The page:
The Louvre inaugurated an exhibition devoted to the southeastern Aegean island of Rhodes on Friday, which will run until February 10, 2015.
“Rhodes, a Greek Island and Gateway to the East” brings together artifacts from four institutions: the British Museum (80 items), Copenhagen (30), the Louvre (120) and the Rhodes Museum (150), covering Rhodian art from the 14th century BC (Bronze Age) to the 6th century BC (Archaic period). The artifacts were excavated by archaeological teams of five nationalities who have worked on the island – Danish, English, French, Greek and Italian.
According to the museum site, the exhibition “highlights the cultural mix of Rhodes, a land of trade in the Eastern Mediterranean. It also provides an opportunity to rediscover the Orientalist nature of Rhodian art through some of its most spectacular productions, particularly its gold and silver works, unique to Greece, and its faience with ties to Egypt and the Levant.”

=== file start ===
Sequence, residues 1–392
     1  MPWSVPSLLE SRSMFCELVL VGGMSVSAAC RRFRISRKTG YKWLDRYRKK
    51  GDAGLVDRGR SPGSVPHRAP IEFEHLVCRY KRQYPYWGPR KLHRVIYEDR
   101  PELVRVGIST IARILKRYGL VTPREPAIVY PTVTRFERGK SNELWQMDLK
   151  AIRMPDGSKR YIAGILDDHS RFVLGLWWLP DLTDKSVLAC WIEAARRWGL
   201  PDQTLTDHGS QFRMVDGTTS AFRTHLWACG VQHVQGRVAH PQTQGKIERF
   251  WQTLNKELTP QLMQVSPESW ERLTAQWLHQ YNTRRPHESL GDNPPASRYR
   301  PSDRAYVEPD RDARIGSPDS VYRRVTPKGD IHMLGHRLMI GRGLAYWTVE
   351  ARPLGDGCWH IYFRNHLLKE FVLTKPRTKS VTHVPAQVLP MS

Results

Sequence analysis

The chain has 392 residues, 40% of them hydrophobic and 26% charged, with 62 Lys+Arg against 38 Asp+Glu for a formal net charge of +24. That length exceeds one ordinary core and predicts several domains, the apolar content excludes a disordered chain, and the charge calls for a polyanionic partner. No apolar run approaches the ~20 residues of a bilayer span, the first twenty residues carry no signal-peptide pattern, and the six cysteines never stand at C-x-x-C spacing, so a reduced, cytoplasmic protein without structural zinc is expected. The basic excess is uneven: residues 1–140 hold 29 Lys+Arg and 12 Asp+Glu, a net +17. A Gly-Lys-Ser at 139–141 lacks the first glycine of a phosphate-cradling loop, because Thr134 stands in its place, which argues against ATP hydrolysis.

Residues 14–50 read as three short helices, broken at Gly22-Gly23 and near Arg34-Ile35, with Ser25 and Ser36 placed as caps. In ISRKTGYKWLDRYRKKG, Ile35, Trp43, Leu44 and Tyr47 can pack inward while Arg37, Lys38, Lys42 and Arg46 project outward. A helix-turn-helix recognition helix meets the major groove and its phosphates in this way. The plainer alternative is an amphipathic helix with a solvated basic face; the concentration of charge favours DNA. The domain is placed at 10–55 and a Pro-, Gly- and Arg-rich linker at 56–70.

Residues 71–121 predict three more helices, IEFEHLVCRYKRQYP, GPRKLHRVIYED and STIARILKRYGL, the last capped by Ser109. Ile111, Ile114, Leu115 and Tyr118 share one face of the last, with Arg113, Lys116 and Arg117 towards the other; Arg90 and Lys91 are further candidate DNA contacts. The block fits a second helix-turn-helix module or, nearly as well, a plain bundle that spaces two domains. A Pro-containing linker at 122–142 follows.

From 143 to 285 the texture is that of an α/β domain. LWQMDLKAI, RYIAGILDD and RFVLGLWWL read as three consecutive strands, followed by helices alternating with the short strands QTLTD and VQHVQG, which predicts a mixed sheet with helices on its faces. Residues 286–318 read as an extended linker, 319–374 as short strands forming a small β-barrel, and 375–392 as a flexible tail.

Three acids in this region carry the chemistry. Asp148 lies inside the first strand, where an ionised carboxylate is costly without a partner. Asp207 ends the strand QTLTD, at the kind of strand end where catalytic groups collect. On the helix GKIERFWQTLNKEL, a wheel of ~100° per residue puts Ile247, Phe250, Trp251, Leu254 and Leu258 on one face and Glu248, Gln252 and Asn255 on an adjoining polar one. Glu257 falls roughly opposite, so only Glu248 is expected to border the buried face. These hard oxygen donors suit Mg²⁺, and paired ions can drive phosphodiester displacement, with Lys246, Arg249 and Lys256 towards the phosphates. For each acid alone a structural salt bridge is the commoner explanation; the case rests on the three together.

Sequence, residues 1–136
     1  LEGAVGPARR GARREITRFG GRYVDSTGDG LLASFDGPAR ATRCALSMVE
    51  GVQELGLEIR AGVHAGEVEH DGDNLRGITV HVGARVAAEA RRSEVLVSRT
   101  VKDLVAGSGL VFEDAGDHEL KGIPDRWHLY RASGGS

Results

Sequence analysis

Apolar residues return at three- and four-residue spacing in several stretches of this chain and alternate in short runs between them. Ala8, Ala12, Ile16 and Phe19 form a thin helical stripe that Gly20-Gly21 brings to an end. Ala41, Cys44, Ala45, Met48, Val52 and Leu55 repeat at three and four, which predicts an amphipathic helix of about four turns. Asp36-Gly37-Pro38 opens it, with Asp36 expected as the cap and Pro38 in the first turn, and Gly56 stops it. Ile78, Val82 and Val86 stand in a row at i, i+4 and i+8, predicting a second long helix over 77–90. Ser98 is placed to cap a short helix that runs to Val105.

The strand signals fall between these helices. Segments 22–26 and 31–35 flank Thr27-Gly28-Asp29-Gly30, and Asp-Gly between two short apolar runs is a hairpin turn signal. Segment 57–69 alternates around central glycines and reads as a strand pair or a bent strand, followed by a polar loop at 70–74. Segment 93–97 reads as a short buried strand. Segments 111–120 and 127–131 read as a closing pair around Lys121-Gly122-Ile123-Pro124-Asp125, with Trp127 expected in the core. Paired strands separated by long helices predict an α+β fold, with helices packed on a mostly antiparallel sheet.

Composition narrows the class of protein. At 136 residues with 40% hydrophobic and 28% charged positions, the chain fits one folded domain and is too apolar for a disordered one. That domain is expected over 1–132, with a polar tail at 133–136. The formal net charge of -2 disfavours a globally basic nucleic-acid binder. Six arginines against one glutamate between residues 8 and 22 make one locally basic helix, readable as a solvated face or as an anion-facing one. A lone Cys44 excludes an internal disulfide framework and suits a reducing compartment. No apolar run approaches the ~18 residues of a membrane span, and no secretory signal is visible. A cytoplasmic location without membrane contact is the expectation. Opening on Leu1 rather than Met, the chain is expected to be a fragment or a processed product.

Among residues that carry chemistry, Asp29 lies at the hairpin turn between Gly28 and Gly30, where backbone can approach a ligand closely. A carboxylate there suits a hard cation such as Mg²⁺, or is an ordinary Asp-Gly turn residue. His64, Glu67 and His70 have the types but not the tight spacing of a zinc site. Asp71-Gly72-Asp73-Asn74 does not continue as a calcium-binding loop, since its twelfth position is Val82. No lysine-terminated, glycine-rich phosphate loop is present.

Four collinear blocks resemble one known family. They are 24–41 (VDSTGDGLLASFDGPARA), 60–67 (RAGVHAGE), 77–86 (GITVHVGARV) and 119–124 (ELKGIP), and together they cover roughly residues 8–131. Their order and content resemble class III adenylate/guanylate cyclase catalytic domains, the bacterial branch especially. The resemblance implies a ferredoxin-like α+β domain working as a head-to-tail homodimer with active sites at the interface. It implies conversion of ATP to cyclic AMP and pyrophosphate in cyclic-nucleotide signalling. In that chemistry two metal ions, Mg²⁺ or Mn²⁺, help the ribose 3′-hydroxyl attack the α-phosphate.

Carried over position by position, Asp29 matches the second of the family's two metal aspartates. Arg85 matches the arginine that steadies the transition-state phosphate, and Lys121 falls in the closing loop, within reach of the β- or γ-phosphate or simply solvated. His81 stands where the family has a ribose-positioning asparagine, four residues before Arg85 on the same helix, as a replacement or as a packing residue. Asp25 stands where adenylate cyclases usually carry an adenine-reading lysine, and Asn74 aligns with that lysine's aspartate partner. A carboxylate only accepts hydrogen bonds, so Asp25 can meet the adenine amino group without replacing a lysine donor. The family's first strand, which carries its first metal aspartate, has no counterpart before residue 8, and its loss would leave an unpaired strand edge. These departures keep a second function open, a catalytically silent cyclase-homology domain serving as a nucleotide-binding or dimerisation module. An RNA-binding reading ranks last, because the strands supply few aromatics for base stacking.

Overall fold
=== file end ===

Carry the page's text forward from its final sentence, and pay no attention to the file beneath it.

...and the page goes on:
French co-curator Anne Coulie told Athens-Macedonian News Agency that the museum wanted to give the public the opportunity to learn about Rhodes as a place where many civilizations met and traded, and to show the influences the island’s art received from the Middle East and Persia.
Co-curator Melina Filimonos-Tsopotou, director emerita of the Museum of Rhodes antiquities, said that it is the first time an international exhibition is held on Rhodes and it will show the discoveries from excavations that began in the 19th century.
The exhibition is sponsored by the Stavros Niarchos Foundation, luxury goods company Louis Vuitton and French pharmaceuticals company Ipsen.